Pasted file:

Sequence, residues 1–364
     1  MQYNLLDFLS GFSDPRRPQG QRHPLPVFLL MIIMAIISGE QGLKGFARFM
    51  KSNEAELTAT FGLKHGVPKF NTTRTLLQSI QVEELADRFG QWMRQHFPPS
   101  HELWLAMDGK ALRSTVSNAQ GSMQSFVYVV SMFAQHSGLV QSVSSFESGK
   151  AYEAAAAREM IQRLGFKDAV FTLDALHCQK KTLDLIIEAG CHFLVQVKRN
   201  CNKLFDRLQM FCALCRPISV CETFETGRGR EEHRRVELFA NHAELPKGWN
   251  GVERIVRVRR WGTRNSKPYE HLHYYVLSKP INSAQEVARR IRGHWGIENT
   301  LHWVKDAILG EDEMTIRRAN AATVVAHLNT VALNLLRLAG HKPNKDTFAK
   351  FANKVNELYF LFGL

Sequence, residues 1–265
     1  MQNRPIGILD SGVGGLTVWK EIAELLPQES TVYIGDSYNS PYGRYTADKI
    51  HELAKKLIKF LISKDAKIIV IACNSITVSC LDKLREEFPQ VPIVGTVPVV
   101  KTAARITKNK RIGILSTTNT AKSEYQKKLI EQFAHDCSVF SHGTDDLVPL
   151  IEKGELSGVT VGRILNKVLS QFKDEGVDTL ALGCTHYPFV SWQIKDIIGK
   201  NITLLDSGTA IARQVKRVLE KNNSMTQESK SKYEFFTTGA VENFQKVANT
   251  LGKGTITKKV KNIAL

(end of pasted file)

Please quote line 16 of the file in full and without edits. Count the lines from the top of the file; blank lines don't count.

   251  LGKGTITKKV KNIAL